Thursday, December 18, 2014
Search
  
Submit your own News for
inclusion in our Site.
Click here...
Breaking News
Facebook And Android Top Digital Trends For 2014
Your Next Car Could Have Android Inside
North Korea Linked To Recent Sony Hacking
Sony Global Education Established
CEA and Japan Audio Society to Jointly Promote Hi-Res Audio
Intel, IBM Follow Different Strategies On 14nm FinFET
Toshiba Announces 6TB Enterprise Capacity HDD Models
WebOS 2.0 Smart TV Platfom To Debut At CES
Active Discussions
Windows xp
Will there be any trade in scheme for the coming PSP Go?
Hello, Glad to be Aboard!!!
Best optical drive for ripping CD's? My LG 4163B is mediocre.
Hi All!
cdrw trouble
CDR for car Sat Nav
DVD/DL for Optiarc 7191S at 8X
 Home > News > General Computing > Faceboo...
Last 7 Days News : SU MO TU WE TH FR SA All News

Saturday, August 03, 2013
Facebook Has Paid $1 million Bounties To Keep Products Secure


Facebook's Bug Bounty program which rewards security researchers who report security issues to the company, has paid out more than $1 million in bounties so far, according to the company.

Facebook said that 329 people had received a bounty so far, including professional researchers, students or part-timers. These researchers are spread across 51 different countries, and only 20% of bounties paid out so far have been to US-based recipients.

The countries with the most bounty recipients are, in order, the US, India, UK, Turkey, and Germany. The countries with the fastest growing number of recipients are, in order, the US, India, Turkey, Israel, Canada, Germany, Pakistan, Egypt, Brazil, Sweden, and Russia.

Facebook's largest single bounty so far has been $20,000, but some individual researchers have already earned more than $100,000. Two recipients have since taken full-time jobs with the Facebook security team.

"This early progress is really encouraging, in no small part because programs like these can have a significant impact on our ability to keep Facebook secure," Collin Greene, a Facebook Security Engineer wrote in a blog post.

As the program continues to expand, Facebook shed more light on the general criteria the company uses to determine the amount to pay researchers when they submit a bug. Facebook bases these decisions on four primary factors: impact, quality of communication (detailed instructions on how to reproduce the issue), target (Facebook.com, Instagram, HHVM, and Facebook's mobile applications), and secondary damage ( bugs that lead Facebook's engineers to more bugs get bigger payouts.)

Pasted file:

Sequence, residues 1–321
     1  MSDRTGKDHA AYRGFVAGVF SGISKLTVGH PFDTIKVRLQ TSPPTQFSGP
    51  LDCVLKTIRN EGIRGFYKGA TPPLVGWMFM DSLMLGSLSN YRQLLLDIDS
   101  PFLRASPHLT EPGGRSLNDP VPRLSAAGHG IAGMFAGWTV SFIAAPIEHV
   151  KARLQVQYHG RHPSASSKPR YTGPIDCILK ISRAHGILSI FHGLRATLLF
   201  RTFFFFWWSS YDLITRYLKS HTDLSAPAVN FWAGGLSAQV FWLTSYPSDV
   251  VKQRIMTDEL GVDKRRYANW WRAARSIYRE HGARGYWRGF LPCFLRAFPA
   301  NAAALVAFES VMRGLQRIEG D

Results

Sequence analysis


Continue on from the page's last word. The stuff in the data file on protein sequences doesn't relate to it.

If you're interested in participating in the program, please head to https://www.facebook.com/whitehat/ to learn more.


Previous
Next
ASUS Unveils ROG Tytan G70 Gaming Desktop PC        All News        Twitter Updates Rules On Abusive Behaviour
Wikipedia To Be Encrypted     General Computing News      Twitter Updates Rules On Abusive Behaviour

Get RSS feed Easy Print E-Mail this Message

Related News
Facebook And Android Top Digital Trends For 2014
Dutch Privacy Watchdog Probes Facebook
Facebook Says No To 'dislike' button
Facebook Develops Virtual Assistant
Facebook Makes Search Easier
Facebook Introduces the Facebook Groups App And FB Techwire
Facebook Develops Website For Professionals: report
Facebook To Reduce Promotional Posts in News Feed
Facebook Puts New Altoona Data Center Online
Facebook Tries To Explain Its New Privacy Policy Rules
Facebook Introduces Say Thanks
Facebook Says Messenger App Has 500 Million Monthly Users

Most Popular News
 
Home | News | All News | Reviews | Articles | Guides | Download | Expert Area | Forum | Site Info
Site best viewed at 1024x768+ - CDRINFO.COM 1998-2014 - All rights reserved -
Privacy policy - Contact Us .